I was taken to meet some-one who would become my heart throb: Saint Ben of Park Street. As my new vet he gave me a thorough moggy MOT to ensure I was disease free and to assess my disabilities.
Although I had been tested when I was first rescued, my new human wanted confirmation that I was disease free and would, in time get healthier. The prognosis was it would take a long, long time to recover, however it would be touch and go. I needed a proper diet, no more curries or insects, and lots of love and cuddles. However, I would always shake, have no meow and would still fall over with alarming regularity! Back at Tom Cat Towers I was put on my sheepskin rug as the road to recovery began.
I slept a lot, gaining strength; I was weaned onto cat food which was a struggle, as this was all new to me. So was having a human all of my own. I soon learned that when she scooped me up, purring was a reward for her. I have no meow so I communicate with grumbles and growls and we soon learned to ‘talk’ to each other and started to tumble along in our own routine.
I thought long and hard about the disadvantages of owning a human but in time I learned that the advantages far outweighed any misgivings. Food was the main bonus, I only had to raise my shaky my head from my sheepskin rug and look appealing for her to come over with some titbit to sustain me. Trouble is the ginger twit comes waddling over too in search of food.
My fur started to grow back. It grew and grew and turned into the most fabulously fluffy pelt with quite striking markings in it. This is the point where I learned the grooming is a blood sport. No matter how gentle my new human was I just loved getting my fangs into her flesh, drawing blood. I look fabulous when groomed but hate everything in the entire universe after I’d been groomed. This where the ginger tom cat came in.
I began to realisewhat a complete wuss he was; he may be three times the size I am but he was as soft as custard. So after each grooming he became my target for a good thump and a pummelling on his nose. Stupid cat would just sit there with a silly grin on his whiskers and let me wallop him.
I was trying to toughen him up, but it didn’t work. He seemed to have a daft idea in his woolly brain that he was my minder. As I am so tiny and so wobbly, he took it upon himself to care for me.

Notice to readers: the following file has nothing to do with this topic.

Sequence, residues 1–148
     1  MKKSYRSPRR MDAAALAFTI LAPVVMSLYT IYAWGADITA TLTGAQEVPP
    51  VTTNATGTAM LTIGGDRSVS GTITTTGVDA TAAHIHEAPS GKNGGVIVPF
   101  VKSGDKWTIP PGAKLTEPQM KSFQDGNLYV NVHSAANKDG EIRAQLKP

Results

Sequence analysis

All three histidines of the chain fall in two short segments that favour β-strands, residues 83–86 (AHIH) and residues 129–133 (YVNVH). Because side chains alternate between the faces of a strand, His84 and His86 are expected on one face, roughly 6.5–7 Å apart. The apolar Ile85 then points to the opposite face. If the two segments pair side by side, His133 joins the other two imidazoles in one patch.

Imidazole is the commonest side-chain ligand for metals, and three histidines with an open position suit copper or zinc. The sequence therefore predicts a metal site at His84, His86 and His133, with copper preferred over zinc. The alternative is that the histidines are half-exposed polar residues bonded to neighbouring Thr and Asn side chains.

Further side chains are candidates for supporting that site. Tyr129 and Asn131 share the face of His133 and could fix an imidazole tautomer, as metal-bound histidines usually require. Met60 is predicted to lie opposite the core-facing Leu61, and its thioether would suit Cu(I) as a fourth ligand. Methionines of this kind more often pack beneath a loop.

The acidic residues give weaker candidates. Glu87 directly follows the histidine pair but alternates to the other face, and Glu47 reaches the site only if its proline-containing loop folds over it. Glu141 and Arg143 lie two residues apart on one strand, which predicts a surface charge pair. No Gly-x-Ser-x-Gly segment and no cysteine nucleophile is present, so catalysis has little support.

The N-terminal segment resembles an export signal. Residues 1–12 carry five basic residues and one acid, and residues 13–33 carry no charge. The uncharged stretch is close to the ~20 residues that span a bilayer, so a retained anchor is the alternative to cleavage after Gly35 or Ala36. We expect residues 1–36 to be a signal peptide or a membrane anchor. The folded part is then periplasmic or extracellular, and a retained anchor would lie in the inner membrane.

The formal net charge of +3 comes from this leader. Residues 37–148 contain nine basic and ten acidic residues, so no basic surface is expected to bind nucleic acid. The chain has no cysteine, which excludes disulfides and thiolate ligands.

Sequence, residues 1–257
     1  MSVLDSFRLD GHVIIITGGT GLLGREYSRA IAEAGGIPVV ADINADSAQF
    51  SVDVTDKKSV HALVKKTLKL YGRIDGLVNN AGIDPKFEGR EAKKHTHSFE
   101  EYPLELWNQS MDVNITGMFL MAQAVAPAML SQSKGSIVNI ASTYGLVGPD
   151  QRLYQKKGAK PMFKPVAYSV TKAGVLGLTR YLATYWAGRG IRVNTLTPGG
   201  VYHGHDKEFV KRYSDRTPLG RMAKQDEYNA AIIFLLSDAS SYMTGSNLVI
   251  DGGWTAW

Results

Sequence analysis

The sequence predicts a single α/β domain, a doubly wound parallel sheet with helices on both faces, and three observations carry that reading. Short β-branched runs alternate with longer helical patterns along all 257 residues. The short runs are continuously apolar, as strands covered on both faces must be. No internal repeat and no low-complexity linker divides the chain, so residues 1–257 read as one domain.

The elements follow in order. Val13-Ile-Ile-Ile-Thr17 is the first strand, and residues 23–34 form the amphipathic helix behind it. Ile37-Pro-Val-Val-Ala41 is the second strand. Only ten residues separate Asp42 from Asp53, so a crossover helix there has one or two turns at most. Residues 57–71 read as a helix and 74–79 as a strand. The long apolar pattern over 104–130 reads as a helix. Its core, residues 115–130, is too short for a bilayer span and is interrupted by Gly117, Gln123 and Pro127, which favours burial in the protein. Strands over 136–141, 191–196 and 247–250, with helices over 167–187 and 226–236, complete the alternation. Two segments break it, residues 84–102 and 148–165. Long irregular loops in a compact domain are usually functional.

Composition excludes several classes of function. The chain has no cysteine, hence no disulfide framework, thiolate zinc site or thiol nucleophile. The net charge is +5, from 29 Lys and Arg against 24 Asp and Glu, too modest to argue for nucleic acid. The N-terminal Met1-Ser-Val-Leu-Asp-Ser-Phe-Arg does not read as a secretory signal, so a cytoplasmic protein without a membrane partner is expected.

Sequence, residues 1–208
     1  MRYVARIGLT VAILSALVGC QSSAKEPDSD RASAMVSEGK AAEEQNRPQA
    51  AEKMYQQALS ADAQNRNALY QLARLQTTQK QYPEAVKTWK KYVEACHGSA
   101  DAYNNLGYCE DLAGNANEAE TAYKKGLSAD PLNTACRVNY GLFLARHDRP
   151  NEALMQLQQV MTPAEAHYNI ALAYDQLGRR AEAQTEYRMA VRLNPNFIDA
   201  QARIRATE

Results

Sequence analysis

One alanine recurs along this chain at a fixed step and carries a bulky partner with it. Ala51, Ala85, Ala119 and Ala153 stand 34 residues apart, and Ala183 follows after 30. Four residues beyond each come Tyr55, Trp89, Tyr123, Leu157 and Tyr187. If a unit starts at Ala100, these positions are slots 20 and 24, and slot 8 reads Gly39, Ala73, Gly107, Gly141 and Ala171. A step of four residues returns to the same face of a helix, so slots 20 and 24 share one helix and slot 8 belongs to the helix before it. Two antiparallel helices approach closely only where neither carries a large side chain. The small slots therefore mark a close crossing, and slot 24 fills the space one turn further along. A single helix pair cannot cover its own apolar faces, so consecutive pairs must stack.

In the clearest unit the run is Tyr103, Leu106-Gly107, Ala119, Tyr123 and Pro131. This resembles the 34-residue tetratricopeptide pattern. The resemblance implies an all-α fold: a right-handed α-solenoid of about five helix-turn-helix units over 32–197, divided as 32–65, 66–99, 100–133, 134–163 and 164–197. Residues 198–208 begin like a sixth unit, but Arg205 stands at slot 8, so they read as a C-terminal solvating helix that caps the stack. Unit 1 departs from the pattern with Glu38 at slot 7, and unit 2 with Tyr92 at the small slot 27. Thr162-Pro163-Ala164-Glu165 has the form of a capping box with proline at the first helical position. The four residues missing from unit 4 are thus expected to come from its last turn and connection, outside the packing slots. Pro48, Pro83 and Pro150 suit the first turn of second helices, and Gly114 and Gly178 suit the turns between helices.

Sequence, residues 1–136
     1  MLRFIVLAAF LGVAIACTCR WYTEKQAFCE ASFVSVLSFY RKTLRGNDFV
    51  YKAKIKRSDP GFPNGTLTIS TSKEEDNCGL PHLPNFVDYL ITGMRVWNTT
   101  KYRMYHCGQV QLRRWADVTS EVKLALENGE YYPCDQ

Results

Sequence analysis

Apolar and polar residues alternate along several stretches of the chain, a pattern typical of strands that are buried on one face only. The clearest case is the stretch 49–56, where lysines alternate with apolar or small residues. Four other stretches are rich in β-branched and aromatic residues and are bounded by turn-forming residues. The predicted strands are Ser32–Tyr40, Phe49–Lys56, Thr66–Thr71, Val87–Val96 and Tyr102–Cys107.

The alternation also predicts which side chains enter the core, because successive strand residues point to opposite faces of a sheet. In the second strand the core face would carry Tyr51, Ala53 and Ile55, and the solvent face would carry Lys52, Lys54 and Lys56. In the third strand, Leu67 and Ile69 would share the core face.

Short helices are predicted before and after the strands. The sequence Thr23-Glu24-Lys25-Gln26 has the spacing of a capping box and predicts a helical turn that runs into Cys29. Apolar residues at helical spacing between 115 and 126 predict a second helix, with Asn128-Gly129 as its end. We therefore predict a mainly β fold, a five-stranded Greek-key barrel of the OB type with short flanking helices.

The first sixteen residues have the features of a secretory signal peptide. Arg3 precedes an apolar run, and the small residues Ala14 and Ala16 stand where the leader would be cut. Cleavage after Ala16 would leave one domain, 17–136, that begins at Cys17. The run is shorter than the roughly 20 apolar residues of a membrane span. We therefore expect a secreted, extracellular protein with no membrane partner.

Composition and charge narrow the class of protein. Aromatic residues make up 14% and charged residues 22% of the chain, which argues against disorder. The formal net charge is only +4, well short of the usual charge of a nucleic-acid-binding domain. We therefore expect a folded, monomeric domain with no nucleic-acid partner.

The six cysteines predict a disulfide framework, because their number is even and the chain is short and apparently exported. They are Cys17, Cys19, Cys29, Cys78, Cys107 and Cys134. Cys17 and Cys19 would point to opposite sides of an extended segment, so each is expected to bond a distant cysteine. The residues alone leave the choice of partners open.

At first it was annoying. Every time I woke up, he was there lying beside me just looking at me, paws crossed in front of him. After I’d decided that he wasn’t a threat, he just became a real pain. If I waddled into the kitchen, he was behind me. If I fell over, which I do all the time, he would come and sniff me to see that I was alright. It was as if I had a great big huge ginger shadow attached to me, and it really irritated me.
The line had to be drawn when he started to snuggle up to me on the sheepskin rug, his breath could fell trees it was so bad. Then he started to follow me to the grit tray and sit patiently whilst I did what a girlie cat had to. He would then inspect the contents of the grit tray and sniff my bottom as I paddled past him with a scowl on my face.
Invading my privacy like that, was the last straw, and to make matters worse, he was just not getting the hint.
I have now made myself available 24/7 to look after the poor little wretch who has come to live with us. I follow her everywhere.
I’m just so intrigued how she can walk and wobble at the same time. I also hold my breath as she falls over so often. I am just amazed that she hasn’t had a carer before! I do wish she would be a little bit more grateful and not stare at me in such a resentful way, particularly when I follow her to the grit box. I am just doing my duty and ensuring all is well.
I am also trying to sleep next to her on the sheepskin rug, which is a real luxury, but I do it out of selfless kind-hearted generosity to keep her warm. But again, the hard glare is my only reward.